- Assessments of Neonatal Intensive Care Unit Activities: Ascertainment of attendance and the frequency and/or time spent engaged in key aspects of the Family Nurture Intervention using maternal self-report forms. [ Time Frame: Participants will be followed for the duration of NICU stay, an expected average of 7 weeks ] [ Designated as safety issue: No ]These forms are filled out after each visit to NICU. The mother is asked to enter information about the start and stop times of each of her visits to the NICU and to estimate the amount of time or number of times she engaged in various types of interactions with her infant. A similar schedule of questionnaires is given to the Standard Care group mothers, but without questions that pertain only to the Family Nurture Intervention group (i.e., odor cloth exchange, Calming Cycle).
|Study Start Date:||June 2008|
|Estimated Study Completion Date:||September 2015|
|Estimated Primary Completion Date:||September 2013 (Final data collection date for primary outcome measure)|
No Intervention: Standard Care
Mothers are given infant care instruction as part of standard care
Experimental: Facilitated infant care
Family Nurture Intervention
Behavioral: Family Nurture Intervention
Family Nurture Intervention is facilitated by specially trained Nurture Specialists. The intervention involves calming interactions between mother and infant in the isolette via odor exchange, firm sustained touch and vocal soothing, through calming interactions during holding and feeding via the Calming Cycle and through family sessions designed to engage the help and support of family members for the mother.
The stress that results from preterm birth, requisite acute care and prolonged physical separation in the NICU can have adverse physiological/psychological effects on both the infant and the mother. In particular, the experience compromises the establishment and maintenance of an optimal mother-infant relationship. Within the neonatal intensive care unit (NICU), parental involvement in care is necessarily superseded by the healthcare staff. Thus, a necessary but detrimental separation between mother and infant is created at a critical period when mother-infant bonding and synchrony should be developing. The physiological challenges associated with being born too soon, along with disturbances in normal mother-infant interactions are key factors underlying the risks of premature infants for a broad range of early and midlife disorders. This study aims to highlight the importance of investigating early interventions that are designed to overcome or reduce the effects of these environmental insults and challenges by implementing a randomized controlled trial of Family Nurture Intervention in the NICU. The most important source of regulatory input is through contact with the mother and her nurturing behavior. Mother-infant interactions are the foundation for the organization of the infant's neurobiological, sensory, perceptual, emotional, physical, and relational systems. The infant's responses to the mother provide critical feedback which shapes her behavior as well. There are many co-regulatory processes embedded in these synchronous and reciprocal interactions which cross neurophysiological and neurobehavioral domains. The intervention is designed to increase biologically important activities and behaviors that enhance maternally-mediated sensory experiences of preterm infants, as well as the infant-mediated sensory experiences in the mother. The investigators hypothesize that repeated engagement of the mother and her infant in the intervention's calming activities will increase the effectiveness of co-regulation and have immediate and long-term beneficial effects for both. The study is assessing the physiological and behavioral outcomes of the infants and mothers receiving Family Nurture Intervention versus Standard Care over the course of the NICU stay.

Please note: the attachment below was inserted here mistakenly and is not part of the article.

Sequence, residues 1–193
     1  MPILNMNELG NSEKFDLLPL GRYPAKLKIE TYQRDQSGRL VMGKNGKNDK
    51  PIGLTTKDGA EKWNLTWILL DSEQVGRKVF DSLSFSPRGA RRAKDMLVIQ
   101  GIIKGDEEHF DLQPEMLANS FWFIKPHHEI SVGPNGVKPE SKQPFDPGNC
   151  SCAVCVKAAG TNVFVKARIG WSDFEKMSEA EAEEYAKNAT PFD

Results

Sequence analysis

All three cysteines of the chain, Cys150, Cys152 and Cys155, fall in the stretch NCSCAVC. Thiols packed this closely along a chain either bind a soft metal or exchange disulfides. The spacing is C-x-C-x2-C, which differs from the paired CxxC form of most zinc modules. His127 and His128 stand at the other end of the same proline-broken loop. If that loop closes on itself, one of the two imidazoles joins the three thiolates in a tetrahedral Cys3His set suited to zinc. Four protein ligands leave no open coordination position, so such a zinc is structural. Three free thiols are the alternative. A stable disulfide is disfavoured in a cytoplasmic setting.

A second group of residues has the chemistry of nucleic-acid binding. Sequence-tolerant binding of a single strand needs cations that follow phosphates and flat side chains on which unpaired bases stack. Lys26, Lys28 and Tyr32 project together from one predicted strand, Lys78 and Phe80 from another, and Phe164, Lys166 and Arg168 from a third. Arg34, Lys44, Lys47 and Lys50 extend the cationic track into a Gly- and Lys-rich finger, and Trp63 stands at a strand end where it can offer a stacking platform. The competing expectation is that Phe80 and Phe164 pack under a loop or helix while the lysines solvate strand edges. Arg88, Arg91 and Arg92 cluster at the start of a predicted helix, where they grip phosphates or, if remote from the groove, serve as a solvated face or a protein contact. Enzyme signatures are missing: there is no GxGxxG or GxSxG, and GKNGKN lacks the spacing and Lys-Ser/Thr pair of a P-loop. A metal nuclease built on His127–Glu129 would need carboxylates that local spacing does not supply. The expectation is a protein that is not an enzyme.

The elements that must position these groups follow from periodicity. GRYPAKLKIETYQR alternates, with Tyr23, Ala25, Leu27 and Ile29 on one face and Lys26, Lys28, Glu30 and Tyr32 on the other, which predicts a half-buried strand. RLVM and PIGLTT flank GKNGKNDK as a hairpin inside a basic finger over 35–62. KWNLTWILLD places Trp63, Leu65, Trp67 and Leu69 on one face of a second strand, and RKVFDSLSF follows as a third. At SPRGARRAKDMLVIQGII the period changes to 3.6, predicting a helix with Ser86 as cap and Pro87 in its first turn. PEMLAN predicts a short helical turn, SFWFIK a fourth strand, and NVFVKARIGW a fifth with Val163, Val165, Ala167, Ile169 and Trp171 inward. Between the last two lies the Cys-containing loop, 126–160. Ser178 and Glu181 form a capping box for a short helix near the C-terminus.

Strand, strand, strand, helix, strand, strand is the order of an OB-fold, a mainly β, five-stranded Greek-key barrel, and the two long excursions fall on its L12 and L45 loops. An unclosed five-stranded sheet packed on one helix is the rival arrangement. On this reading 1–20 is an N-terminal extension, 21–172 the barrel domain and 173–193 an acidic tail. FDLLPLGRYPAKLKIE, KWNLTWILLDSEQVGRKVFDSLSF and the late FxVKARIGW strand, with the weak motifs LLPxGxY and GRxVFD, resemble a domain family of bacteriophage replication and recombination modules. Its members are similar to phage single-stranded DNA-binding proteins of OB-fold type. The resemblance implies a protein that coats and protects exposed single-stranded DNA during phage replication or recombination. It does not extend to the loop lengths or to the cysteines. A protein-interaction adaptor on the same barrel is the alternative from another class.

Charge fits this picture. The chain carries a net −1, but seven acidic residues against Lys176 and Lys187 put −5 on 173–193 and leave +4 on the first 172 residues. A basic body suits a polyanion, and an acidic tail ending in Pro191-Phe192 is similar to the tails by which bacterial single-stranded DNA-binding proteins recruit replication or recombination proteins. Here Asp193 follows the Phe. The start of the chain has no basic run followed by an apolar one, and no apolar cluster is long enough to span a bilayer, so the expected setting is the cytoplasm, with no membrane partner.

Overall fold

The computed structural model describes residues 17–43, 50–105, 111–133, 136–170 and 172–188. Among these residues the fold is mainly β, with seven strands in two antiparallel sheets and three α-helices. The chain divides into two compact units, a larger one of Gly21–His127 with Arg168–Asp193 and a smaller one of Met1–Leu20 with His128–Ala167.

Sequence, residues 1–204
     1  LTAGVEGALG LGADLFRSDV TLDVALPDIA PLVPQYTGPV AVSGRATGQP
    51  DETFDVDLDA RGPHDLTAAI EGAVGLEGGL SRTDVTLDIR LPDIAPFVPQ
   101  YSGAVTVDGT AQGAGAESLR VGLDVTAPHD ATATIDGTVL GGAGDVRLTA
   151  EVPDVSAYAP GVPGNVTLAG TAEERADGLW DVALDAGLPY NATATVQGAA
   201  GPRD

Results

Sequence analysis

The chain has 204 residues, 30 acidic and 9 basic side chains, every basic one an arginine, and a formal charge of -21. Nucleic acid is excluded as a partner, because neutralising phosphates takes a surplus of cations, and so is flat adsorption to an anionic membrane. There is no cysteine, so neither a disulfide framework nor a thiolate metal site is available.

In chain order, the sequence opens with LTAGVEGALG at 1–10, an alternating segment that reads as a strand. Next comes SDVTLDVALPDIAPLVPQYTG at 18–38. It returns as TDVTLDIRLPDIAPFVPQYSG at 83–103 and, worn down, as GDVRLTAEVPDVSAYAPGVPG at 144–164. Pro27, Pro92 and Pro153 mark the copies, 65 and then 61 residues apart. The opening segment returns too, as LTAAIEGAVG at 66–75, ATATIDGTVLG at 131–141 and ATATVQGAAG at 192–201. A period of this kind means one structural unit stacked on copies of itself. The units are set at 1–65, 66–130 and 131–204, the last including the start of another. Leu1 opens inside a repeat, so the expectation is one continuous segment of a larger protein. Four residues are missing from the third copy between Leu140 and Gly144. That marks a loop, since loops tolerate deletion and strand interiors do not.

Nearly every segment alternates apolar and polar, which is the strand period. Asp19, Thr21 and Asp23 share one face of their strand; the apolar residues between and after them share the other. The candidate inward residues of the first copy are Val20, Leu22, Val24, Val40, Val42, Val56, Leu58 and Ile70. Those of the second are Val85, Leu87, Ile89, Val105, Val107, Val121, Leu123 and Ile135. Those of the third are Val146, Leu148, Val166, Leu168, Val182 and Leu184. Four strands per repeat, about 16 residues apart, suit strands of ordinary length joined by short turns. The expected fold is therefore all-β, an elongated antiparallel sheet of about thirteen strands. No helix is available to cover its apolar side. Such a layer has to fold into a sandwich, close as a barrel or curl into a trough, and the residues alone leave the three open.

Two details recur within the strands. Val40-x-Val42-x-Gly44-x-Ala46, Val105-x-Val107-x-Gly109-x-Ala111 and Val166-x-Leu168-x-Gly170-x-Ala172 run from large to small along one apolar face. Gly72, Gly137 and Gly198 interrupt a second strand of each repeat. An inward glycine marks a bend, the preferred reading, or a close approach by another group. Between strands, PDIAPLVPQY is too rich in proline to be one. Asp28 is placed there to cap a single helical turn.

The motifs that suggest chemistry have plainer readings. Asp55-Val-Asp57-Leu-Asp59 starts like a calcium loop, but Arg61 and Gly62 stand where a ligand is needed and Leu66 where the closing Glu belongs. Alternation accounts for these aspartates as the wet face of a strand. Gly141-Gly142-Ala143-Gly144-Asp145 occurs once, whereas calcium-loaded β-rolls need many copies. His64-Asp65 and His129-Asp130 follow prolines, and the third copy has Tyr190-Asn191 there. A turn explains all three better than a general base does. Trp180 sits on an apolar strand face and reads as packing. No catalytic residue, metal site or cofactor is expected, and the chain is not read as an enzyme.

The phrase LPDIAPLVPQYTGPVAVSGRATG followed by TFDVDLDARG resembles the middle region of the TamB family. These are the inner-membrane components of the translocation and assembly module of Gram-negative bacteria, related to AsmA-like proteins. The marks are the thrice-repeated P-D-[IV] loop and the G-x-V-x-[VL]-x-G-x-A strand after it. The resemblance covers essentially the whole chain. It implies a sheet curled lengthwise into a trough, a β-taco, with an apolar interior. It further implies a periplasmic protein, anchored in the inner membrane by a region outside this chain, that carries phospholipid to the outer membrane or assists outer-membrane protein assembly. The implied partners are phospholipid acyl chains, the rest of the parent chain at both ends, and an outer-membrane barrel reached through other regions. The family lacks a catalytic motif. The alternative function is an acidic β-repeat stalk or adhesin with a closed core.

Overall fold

|United States, New York|
|Morgan Stanley Children's Hospital|
|New York City, New York, United States, 10032|
|Principal Investigator:||Martha G Welch, MD||Columbia University|